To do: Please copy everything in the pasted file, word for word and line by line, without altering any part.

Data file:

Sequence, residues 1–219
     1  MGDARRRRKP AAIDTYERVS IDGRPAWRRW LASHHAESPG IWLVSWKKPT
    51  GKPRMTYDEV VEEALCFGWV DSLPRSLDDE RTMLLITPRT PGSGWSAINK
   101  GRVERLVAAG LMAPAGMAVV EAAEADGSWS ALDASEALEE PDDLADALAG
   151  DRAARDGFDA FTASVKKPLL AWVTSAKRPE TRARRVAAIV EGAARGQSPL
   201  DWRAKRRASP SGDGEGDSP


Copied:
Sequence, residues 1–219
     1  MGDARRRRKP AAIDTYERVS IDGRPAWRRW LASHHAESPG IWLVSWKKPT
    51  GKPRMTYDEV VEEALCFGWV DSLPRSLDDE RTMLLITPRT PGSGWSAINK
   101  GRVERLVAAG LMAPAGMAVV EAAEADGSWS ALDASEALEE PDDLADALAG
   151  DRAARDGFDA FTASVKKPLL AWVTSAKRPE TRARRVAAIV EGAARGQSPL
   201  DWRAKRRASP SGDGEGDSP